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Before Humans Arrived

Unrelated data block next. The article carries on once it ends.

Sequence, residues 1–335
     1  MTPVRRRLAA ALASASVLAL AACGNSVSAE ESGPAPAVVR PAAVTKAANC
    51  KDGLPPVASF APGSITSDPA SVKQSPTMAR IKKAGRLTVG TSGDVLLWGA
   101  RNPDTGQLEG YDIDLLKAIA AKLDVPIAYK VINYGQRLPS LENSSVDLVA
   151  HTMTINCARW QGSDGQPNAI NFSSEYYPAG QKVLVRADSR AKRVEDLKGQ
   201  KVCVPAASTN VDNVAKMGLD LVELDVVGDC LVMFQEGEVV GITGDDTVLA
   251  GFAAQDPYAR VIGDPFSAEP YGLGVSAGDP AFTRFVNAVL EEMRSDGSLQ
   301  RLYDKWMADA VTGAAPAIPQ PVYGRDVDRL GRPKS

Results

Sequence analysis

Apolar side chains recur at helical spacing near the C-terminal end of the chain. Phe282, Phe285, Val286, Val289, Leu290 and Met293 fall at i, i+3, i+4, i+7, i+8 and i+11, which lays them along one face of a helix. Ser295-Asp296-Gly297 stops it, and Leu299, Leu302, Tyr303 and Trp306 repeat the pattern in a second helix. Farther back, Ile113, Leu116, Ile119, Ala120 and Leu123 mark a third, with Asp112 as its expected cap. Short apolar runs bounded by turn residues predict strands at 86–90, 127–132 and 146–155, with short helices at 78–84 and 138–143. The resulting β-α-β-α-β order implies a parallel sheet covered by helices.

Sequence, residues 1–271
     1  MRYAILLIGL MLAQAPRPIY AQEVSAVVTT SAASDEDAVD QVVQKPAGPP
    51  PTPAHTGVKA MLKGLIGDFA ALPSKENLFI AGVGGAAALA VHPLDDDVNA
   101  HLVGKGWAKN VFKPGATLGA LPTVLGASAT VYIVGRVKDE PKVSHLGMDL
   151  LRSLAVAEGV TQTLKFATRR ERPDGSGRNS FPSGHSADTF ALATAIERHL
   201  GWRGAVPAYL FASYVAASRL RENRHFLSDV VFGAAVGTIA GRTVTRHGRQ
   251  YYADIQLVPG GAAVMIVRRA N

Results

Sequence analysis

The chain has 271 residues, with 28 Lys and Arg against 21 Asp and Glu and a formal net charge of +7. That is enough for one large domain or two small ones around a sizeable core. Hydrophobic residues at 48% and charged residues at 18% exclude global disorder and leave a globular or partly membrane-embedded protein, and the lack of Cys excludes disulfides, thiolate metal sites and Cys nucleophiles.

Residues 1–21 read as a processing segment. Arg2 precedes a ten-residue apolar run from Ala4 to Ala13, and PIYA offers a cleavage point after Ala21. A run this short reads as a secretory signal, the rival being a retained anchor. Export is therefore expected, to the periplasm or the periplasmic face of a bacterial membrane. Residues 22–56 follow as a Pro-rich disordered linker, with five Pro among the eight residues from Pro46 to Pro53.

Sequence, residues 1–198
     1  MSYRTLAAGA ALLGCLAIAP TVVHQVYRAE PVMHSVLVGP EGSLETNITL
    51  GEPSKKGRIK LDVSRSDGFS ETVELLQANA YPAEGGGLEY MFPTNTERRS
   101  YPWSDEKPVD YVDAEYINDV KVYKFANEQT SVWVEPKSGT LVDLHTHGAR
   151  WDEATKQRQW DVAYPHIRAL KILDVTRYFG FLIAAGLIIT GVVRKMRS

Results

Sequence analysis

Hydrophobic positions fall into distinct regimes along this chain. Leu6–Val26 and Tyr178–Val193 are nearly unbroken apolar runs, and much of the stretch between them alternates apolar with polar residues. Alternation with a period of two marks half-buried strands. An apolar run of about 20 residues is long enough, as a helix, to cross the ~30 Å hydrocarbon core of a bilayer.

When the Rocky Mountains rose skyward along the length of our continent, the trench between that newborn landscape and the next ranges to the west was generous. Over hundreds of thousands of years the great river valleys and the plains at the bottom of the trench became lush with vegetation and animal life. While the craggy peaks themselves remain bare of growth, packed with ice, sand and clay, the trench offers sturdy range grasses and forests of pine, fir, larch and cedar. At a point just north of the 49th parallel, creeks and rivers rush down the slopes to the Kootenay going south, the Columbia flowing north in a temporary separation of intention. Deer, elk, black and grizzly bear, crows, eagles and hummingbirds, mountain sheep and goats, trout and char, bunchgrass and kinnickinnik, wolves and wolverine, geese, ducks and grouse, beaver and marten, cougar and moose and voles-and more live in the trench

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